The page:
The Role Of A “Vocational Expert” At Disability Hearings In Houston

One of the biggest sticking points in a disability claim is whether or not you can go back to work. Depending on your previous occupation, your disability claim may hinge on whether or not you can continue to work at your “old job.”

The Role Of A Vocational Expert At Disability Hearings In Houston

The Social Security Administration employs the use of an expert witness to help them determine your ability to return to work. Known as a “vocational expert,” these individuals assess both your abilities and the current labor market skills and needs, and testify in front of an Administrative Law Judge (ALJ) at your hearing.

What The Vocational Expert Does

This is the person who looks at your limitations, the current job market, current skills, and your past work history and decides whether or not you can return to some kind of work, or if you are too disabled to work. This testimony is important, and can be the difference between having your claim approved or denied.

A VE is not an attorney, and their opinion is considered to be impartial. He or she will have degrees and training related to the profession, as well as related work experience. The VE will review 15 years of your work experience to determine if you have any transferable skills to a different occupation.

Job Title Vs. Your Actual Job

Just because you had a specific job title doesn’t mean you did the same thing as others with the same title. The VE must also understand the actual responsibilities you had and the tasks you were required to perform. It’s important that the VE know what you did in your last job, rather than a generally accepted job description or the description in the Dictionary of Occupational Titles (DOT)  or the Occupational Outlook Handbook from the Bureau of Labor Statistics.

It is also important that you (or your disability law attorney) ask the VE to explain the job title and the associated duties used to describe your previous work.

During a hearing, your attorney will ask you questions about your last job, what you did, as well as things like physical requirements that were a part of the job. This clarifies the job title vs. actual job quandary so that your side is accurately represented. The VE should use the job title along with the skills and duties that were included in your previous work.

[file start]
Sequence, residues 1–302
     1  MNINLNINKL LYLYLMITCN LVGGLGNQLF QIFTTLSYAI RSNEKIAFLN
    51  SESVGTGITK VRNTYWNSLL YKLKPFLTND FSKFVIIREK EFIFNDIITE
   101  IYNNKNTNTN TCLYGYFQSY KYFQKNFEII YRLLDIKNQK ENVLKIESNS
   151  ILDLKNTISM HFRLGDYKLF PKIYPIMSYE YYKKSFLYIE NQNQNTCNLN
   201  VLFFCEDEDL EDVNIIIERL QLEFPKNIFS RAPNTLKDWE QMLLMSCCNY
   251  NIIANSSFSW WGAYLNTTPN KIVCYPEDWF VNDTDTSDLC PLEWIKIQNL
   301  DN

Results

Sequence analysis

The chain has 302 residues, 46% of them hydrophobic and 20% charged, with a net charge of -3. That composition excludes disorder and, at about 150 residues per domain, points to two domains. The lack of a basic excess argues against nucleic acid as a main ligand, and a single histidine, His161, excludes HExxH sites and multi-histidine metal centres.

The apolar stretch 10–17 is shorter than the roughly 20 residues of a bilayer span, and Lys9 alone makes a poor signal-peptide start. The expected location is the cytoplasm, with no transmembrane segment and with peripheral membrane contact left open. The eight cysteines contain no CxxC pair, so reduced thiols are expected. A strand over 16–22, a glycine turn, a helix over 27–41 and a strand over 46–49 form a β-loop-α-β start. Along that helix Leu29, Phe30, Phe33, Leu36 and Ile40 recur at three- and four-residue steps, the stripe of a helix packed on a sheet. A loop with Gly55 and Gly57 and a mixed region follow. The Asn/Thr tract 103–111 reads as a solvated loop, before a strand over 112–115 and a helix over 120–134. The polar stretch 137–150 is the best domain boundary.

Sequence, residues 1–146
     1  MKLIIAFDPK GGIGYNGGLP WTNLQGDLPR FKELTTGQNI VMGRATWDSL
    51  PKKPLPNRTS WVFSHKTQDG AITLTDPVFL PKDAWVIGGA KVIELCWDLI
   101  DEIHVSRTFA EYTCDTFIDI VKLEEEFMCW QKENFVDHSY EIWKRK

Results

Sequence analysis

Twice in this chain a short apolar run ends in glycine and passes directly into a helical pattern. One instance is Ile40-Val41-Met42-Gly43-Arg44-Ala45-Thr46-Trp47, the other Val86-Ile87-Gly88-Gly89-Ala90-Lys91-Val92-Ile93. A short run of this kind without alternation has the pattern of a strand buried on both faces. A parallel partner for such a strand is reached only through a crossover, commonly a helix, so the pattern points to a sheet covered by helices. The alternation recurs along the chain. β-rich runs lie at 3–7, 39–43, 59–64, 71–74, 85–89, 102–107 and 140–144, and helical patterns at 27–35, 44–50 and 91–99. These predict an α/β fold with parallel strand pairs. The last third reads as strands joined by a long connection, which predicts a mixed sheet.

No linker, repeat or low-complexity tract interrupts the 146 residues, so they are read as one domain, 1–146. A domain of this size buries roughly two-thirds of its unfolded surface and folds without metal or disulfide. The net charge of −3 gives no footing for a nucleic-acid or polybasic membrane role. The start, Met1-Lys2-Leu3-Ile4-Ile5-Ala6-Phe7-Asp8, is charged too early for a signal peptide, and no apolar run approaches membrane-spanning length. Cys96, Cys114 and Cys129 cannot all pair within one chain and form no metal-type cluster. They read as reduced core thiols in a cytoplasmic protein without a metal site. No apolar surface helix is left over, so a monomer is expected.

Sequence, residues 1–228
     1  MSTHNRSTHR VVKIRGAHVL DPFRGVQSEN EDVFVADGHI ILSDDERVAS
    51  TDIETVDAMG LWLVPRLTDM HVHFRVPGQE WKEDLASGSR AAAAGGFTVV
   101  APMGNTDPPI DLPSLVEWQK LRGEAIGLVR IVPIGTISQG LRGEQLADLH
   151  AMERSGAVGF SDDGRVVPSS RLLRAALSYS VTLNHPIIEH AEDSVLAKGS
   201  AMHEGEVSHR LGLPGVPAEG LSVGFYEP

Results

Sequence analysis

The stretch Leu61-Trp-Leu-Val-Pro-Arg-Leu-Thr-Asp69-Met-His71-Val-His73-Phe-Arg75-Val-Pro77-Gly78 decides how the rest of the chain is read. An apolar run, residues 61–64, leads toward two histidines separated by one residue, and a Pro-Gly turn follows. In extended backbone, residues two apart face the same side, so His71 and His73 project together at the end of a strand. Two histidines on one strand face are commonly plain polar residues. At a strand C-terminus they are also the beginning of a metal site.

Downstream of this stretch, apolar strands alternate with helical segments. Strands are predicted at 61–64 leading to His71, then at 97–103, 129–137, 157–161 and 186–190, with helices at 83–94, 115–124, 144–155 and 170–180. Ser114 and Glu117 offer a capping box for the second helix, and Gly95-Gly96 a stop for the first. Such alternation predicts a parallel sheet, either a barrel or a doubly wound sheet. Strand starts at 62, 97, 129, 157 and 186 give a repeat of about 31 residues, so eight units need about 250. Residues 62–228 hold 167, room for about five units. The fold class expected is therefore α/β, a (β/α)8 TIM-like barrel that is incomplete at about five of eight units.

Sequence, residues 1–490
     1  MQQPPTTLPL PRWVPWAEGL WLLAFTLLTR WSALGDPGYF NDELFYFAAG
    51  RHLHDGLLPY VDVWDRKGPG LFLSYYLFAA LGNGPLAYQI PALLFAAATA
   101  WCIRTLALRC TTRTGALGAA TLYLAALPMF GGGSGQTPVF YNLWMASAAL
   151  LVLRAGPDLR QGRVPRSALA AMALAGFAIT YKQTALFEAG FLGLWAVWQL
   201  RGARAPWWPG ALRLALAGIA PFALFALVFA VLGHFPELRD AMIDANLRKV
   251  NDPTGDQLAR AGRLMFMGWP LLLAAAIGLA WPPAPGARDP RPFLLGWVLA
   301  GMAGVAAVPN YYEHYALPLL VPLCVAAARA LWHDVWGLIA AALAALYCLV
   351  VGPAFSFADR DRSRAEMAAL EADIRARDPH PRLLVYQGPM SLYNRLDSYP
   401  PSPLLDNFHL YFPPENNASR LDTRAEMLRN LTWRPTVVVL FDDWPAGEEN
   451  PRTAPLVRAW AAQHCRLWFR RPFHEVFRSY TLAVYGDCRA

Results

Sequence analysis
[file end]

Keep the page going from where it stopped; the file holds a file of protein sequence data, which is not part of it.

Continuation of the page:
Residual Functional Capacity (RFC)

One option that a VE may use is a residual functional capacity assessment to find out what you can and can’t do in relation to your previous employment. This report describes the maximum exertion you can do in a normal work setting on a daily and continual basis.

Additionally, the VE and/or the ALJ will need to assess “function-by-function” to determine your limitations in the RFC compared to the requirements of your past occupations. If the RFC does not agree with the job conditions, you may be ruled disabled.

What A Disability Law Attorney Does For You

While the ALJ asks the vocational expert a series of questions, including hypothetical ones, a disability law attorney will cross-examine the VE and challenge their view on what you can and cannot do.

Cross examining the VE challenges him or her on his or her findings of your limitations and abilities and asking about things that the ALJ left out of the hypotheticals will increase your chances of winning your claim. Without an attorney, you’re at the mercy of people who may or may not have your best interests at heart.

Need Help With A Disability Claim? Let Herren Law Help

The Herren Law Firm has helped over 4,000 clients successfully win their claims. We can help with your application, appeals and help you through the process, and give you one less thing to worry about. Contact us today at 713-682-8194 (or use our online contact form) to schedule your free consultation. There’s no obligation, and no up-front fees.  We only collect if we win your case.

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